valerian (generic name)

an herbal product - treats Insomnia, Sedation, Depression, Menopausal symptoms, and Anxiety disorder
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Tradition

WARNING: DISCLAIMER: The below uses are based on tradition, scientific theories, or limited research. They often have not been thoroughly tested in humans, and safety and effectiveness have not always been proven. Some of these conditions are potentially serious, and should be evaluated by a qualified healthcare provider. There may be other proposed uses that are not listed below.
Acne, amenorrhea (lack of menstruation), angina (chest pain), anorexia, anti-seizure, antiperspirant, antiviral, arthritis, asthma, bloating, bronchospasm, congestive heart failure, constipation, cough, cramping (abdominal, pelvic, menstrual), digestive problems, diuretic (increase urine flow), dysmenorrhea (pain with menstrual cycle), emmenagogue (stimulation of menstrual blood flow), epilepsy, fatigue, fever, flatulence (gas), hangovers, headache, heart disease, heartburn, high blood pressure, HIV, hot flashes, hypochondria, irritable bowel syndrome, liver disorders, measles, memory enhancement, migraine, mood enhancement, muscle pain/spasm/tension, nausea, nerve pain, pain relief, restlessness, stomach ulcers, premenstrual syndrome (PMS), restless leg syndrome, rheumatic pain, skin disorders, stress, urinary tract disorders, vaginal infections, vertigo, viral gastroenteritis, vision problems, withdrawal from tranquilizers.

Dosing

Adults (18 years and older)

Studied doses range from 400 to 900 milligrams of an aqueous or aqueous-ethanolic extract (corresponding to 1.5 to 3 grams of herb), taken 30 to 60 minutes before going to bed. Valerian has historically been used in the form of a tea (1.5 to 3 grams root steeped for five to 10 minutes in 150 milliliters boiling water), although this formulation has not been studied. Doses of 300-1,800 milligrams of valerian have also been taken by mouth in capsule form.

Children (younger than 18 years)

There is not enough scientific evidence to recommend the use of valerian in children.

Safety

DISCLAIMER: Many complementary techniques are practiced by healthcare professionals with formal training, in accordance with the standards of national organizations. However, this is not universally the case, and adverse effects are possible. Due to limited research, in some cases only limited safety information is available.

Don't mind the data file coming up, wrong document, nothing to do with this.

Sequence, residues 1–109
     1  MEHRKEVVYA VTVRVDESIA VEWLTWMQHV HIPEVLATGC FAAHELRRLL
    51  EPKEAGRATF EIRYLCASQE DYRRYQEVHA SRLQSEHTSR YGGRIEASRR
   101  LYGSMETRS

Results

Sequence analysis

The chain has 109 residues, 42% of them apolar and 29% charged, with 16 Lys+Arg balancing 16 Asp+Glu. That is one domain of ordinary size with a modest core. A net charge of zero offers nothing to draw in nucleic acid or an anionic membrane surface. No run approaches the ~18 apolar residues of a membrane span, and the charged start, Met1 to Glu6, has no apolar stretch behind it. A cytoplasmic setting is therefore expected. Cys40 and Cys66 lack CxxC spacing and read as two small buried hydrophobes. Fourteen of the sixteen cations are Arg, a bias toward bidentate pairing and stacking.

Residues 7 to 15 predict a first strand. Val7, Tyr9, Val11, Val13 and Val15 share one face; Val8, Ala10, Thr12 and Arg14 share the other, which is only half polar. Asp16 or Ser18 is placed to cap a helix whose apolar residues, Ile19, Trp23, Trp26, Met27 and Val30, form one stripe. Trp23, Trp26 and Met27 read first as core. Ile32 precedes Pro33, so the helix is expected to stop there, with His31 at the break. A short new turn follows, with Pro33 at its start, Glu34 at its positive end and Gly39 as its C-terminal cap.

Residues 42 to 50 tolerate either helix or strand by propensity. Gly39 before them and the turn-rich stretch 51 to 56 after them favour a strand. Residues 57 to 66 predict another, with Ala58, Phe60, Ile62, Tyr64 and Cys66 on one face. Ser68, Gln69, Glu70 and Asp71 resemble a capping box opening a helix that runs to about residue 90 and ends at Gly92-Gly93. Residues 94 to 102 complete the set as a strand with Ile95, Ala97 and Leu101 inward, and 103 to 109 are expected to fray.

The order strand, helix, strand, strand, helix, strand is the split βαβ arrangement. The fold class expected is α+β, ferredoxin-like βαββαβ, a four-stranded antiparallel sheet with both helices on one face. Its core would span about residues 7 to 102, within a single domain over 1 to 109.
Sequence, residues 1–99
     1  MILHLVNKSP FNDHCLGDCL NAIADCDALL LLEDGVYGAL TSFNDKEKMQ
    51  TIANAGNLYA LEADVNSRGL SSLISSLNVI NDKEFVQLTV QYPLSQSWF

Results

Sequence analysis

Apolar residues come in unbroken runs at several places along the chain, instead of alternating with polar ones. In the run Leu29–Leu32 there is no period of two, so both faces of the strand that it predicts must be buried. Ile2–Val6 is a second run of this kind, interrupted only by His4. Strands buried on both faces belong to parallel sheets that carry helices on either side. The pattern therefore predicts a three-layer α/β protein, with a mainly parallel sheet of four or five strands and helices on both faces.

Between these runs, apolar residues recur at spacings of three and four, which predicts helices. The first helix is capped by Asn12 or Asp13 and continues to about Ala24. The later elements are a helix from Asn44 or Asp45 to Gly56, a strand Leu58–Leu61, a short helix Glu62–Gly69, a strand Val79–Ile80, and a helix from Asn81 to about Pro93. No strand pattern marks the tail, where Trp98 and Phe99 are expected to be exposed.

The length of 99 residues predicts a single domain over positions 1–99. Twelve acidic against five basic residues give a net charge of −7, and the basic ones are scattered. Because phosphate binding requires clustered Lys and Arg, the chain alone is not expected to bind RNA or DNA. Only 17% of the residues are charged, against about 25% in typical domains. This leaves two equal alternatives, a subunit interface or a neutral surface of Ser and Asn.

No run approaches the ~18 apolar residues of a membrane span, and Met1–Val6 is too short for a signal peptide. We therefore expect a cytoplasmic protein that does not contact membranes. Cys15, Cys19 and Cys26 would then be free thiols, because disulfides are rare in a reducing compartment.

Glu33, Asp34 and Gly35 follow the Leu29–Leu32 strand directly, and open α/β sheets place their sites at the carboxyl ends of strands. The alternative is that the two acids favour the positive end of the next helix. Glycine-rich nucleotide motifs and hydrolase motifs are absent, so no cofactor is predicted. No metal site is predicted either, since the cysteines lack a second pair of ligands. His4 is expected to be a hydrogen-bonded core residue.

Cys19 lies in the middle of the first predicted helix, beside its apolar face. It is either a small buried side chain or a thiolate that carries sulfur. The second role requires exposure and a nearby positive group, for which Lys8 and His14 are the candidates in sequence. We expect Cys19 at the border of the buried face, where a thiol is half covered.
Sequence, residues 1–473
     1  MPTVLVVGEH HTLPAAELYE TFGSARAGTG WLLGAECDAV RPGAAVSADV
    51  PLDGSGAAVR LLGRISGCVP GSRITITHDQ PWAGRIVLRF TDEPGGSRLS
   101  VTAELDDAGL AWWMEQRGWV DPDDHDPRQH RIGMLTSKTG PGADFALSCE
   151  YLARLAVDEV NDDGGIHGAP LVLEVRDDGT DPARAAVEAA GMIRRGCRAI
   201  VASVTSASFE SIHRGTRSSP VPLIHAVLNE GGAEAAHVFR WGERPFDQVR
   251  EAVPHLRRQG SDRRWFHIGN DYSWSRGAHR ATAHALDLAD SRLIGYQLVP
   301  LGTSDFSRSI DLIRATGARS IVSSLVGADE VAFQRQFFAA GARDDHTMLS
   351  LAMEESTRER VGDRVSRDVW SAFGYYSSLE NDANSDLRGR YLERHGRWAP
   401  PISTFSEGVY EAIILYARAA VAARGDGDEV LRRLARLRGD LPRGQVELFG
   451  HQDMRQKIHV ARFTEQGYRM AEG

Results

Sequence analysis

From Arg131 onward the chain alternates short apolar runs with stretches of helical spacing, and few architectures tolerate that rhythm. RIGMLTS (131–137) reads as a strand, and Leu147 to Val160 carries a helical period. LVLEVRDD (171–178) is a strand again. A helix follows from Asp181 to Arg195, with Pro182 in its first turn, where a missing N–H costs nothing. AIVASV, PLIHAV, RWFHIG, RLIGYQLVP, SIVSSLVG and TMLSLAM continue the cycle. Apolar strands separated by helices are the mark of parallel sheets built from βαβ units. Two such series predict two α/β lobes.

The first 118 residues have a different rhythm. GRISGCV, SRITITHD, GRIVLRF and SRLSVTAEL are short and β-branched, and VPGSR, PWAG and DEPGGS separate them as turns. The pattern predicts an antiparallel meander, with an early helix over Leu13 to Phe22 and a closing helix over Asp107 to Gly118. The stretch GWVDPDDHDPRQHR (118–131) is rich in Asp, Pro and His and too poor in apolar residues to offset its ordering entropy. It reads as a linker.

Allergies

People with allergies to plants in the Valerianaceae family may be allergic to valerian.

Side Effects and Warnings

Studies report that valerian is generally well tolerated for up to four to six weeks in recommended doses. Valerian has occasionally been reported to cause headache, excitability, stomach upset, uneasiness, dizziness, unsteadiness (ataxia), and low body temperature (hypothermia). Chronic use (longer than two to four months) may result in insomnia. Slight reductions in concentration or complicated thinking may occur for a few hours after taking valerian. Use caution if driving or operating heavy machinery. Some research suggests that valerian may not cause sedation.

A drug "hangover" effect has been reported in people taking high doses of valerian extracts. "Valerian withdrawal" may occur if you stop using valerian suddenly after chronic high-dose use, including confusion (delirium) and rapid heartbeat. These symptoms may improve with the use of benzodiazepines such as lorazepam (Ativan®). Although unknown, valerian may have similar brain activity as benzodiazepines (which are commonly used to treat anxiety and insomnia), through effects on the brain chemical gamma-amino-butyric-acid (GABA).

Valerian has been on the U.S. Food and Drug Administration's (FDA's) GRAS (Generally Regarded as Safe) list, and no deaths due to overdose are currently available.

Liver toxicity has been associated with some multi-herb preparations that include valerian. However, the contribution of valerian itself is not clear due to the potential liver toxicity of other included ingredients and the possibility of contamination with unlisted herbs.

Pregnancy & Breastfeeding

Because there is limited human safety data, valerian use during pregnancy and breastfeeding is not recommended. There are theoretical concerns over the adverse effects of chemical components that are toxic in laboratory studies.

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